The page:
Nasi Ulam is my contribution to IMBB, Fouth Edition.
Nasi Ulam is the Malay name for Herbed Rice. It is a rice dish that contrasts the freshness of herbs with the pungency and strong flavours of ingredients like belacan (dried fermented shrimp paste), dried salted fish and dried shrimps. It goes well with kerabus (salads) and simply cooked seafood. It is also lighter than most other more well known Malay dishes such as nasi lemak, rendang or satay. As for its true origins, I've always thought Nasi Ulam is a Malay dish but like many dishes in South East Asia, other cultures also have their versions, especially the Peranakans. In fact, the recipe I used came from a Peranakan source, the "Nonya Flavours A Complete Guide to Penang Straits Chinese Cuisine", though in the usual fashion, I've tweaked it a little by adjusting the quantities of ingredients and adding some toasted almonds for a nutty bite.
This is an easy dish to assemble, but the ingredient list is rather long, which would explain why this dish is hardly seen in restaurants or hawker centres. I had to go to the Tekka Centre Wet Market to shop for most of the ingredients, especially the herbs. Another source may be the wet market in Geylang Serai, but most of the herbs would not be easily available in Singapore. I had to give up on finding one of the ingredients (daun cekur) as there wasn't any to be bought in the market. Shopping for the ingredients was a real education for me, it was really the first time I learn about kerisiks, for example. Kerisik is what Wati identified as the residue that is left after coconut has its oil extracted, this residue is then toasted and used as a condiment.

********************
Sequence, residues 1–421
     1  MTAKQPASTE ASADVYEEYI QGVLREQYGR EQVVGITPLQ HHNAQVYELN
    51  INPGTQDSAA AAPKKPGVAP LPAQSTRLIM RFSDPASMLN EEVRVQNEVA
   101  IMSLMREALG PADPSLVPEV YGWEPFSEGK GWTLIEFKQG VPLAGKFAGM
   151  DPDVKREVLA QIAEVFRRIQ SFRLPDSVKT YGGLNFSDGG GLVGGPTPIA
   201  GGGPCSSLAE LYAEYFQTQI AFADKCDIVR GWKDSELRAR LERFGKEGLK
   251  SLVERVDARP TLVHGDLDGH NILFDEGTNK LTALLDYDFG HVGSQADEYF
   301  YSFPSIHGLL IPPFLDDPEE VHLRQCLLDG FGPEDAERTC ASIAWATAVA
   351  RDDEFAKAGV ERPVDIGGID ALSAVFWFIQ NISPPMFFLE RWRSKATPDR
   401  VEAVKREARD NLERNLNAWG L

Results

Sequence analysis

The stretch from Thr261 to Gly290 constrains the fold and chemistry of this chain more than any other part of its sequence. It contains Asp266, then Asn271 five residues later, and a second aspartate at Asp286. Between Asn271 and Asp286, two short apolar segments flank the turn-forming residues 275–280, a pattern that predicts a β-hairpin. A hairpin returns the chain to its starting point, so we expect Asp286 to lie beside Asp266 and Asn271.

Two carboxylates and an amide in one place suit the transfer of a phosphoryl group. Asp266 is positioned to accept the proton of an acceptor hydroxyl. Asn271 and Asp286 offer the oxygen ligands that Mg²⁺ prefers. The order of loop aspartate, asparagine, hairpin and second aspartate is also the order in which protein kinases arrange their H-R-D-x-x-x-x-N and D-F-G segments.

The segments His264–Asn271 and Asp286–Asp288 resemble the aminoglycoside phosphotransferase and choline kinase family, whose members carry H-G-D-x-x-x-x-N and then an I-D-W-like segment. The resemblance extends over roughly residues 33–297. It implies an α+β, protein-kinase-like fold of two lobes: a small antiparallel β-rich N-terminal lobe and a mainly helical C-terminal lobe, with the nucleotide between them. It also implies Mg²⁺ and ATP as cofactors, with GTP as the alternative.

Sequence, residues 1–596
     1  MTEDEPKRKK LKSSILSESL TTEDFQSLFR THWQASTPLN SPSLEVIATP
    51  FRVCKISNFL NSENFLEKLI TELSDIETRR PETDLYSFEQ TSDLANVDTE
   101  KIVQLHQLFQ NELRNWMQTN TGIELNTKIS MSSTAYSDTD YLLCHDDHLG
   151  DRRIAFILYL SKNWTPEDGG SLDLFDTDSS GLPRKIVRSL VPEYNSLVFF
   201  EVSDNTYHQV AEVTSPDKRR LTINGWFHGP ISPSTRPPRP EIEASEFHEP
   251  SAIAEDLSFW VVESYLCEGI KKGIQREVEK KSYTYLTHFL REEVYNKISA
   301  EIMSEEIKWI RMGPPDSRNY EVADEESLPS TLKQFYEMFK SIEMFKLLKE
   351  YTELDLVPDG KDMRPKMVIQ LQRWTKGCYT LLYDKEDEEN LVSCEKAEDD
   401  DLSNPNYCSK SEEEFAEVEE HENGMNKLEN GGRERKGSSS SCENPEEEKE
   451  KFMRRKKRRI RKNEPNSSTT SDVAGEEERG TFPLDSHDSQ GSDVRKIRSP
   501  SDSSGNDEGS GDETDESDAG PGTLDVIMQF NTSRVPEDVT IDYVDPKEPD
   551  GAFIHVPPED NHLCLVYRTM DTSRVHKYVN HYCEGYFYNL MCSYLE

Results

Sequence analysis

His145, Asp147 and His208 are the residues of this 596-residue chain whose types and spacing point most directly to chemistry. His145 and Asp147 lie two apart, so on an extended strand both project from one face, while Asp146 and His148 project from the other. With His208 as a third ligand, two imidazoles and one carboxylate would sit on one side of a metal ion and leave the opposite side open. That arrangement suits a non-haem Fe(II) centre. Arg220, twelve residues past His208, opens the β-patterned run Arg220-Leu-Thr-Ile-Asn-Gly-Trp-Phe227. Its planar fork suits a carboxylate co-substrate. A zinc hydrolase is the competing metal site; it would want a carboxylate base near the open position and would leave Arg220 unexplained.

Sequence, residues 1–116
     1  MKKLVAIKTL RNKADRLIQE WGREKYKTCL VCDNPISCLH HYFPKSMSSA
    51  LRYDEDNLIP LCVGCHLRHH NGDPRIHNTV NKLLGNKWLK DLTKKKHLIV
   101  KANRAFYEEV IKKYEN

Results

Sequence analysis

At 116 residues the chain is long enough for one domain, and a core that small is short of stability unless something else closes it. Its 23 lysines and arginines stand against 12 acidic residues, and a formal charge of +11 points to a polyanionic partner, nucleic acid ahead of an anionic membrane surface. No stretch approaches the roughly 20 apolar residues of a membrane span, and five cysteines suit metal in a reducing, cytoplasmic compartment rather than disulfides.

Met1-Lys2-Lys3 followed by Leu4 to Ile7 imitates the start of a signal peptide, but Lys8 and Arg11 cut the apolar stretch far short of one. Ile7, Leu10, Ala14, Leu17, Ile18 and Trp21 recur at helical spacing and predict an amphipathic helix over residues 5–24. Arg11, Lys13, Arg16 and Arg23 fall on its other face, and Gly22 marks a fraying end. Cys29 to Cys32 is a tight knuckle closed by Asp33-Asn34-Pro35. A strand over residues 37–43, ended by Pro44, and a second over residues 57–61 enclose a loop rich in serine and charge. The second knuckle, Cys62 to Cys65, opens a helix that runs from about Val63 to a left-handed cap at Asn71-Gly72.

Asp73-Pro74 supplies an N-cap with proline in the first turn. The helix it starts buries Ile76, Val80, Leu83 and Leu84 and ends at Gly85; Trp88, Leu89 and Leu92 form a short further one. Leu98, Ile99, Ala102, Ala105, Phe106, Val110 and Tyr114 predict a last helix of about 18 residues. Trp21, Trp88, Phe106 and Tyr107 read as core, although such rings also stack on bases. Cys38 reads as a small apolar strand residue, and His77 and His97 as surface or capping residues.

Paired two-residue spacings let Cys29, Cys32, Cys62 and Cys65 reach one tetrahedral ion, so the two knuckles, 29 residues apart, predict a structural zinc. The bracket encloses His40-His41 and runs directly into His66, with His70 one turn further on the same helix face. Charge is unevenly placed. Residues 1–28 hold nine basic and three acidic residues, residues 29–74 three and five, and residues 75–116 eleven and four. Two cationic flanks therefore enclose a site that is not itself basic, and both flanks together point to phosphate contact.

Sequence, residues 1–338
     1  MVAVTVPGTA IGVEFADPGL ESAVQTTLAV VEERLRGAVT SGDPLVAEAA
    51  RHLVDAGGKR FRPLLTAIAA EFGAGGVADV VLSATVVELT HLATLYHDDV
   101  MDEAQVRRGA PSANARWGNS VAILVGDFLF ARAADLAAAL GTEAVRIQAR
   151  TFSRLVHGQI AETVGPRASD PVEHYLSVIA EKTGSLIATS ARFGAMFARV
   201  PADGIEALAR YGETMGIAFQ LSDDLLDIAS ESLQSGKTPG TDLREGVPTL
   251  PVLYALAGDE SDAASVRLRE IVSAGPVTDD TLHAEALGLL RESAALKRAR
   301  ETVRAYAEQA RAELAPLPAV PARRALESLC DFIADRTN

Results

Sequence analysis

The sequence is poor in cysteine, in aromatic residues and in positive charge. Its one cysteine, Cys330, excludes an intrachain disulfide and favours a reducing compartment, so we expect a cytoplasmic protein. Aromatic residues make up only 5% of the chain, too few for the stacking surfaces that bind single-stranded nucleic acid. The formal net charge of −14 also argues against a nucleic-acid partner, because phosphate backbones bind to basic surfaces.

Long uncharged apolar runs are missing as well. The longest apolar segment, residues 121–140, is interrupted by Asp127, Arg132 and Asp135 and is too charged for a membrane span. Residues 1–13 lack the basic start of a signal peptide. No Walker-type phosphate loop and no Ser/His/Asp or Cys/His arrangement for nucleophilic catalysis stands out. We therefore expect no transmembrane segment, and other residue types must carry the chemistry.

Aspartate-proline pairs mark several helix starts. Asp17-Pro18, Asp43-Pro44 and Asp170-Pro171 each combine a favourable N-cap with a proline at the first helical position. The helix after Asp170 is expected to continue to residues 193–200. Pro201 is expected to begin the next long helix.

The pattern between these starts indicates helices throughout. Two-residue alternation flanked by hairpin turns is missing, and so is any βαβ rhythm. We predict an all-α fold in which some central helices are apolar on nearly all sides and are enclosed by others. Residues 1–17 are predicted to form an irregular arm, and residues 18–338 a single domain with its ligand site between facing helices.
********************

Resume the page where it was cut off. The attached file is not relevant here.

Ingredients (some quantities are vague, because it can be guess-timated according to personal taste):
4 cups of rice, cooked
Salted fish, about 10 g, fried, then cooled and shredded finely
Dried shrimps, about 1 big handful, fried and cooled
1 tbsp belacan, toasted
2 tbsp kerisik (toasted grated coconut), dry-toasted in a wok- this step is optional
Herbs ( Finely sliced)
1 serai (lemongrass), only the tender inner parts of the white end
1 bunga kantan (ginger flower)
3 stalks daun kesom (laksa leaves)
3 stalks basil leaves
3 stalks mint leaves
3-4 cekur leaves
6 kaduk leaves
1 turmeric leaf
1 kaffir lime leaf
1 cm fresh turmeric, finely chopped
pepper to taste
toasted almonds for garnish
In bowls, from top: Toasted almonds, fried dried shrimps, dried fish, kerisik.
In Metal dish: Herbs like turmeric leaf (long leaf lining one edge) and other ingredients like shallots, ginger flower, turmeric, lemongrass. Belacan in little dish. More herb detail in picture below.
Clockwise from top right hand corner: Daun Kaduk, Daun Kesom, mint, basil, Kaffir Lime leaves
1. Cook the rice first. Let it cool
2. Prepare the dry ingredients like dried prawns, belacan, kerisik and dried fish.
3. Slice the herbs finely and toss with the dry ingredients. Season with some pepper and if necessary, some salt and sugar. Sprinkle some toasted almonds on top.
I served it to my family with some tamarind prawns and icy cold tairu lassi, but it is delicious eaten as it is.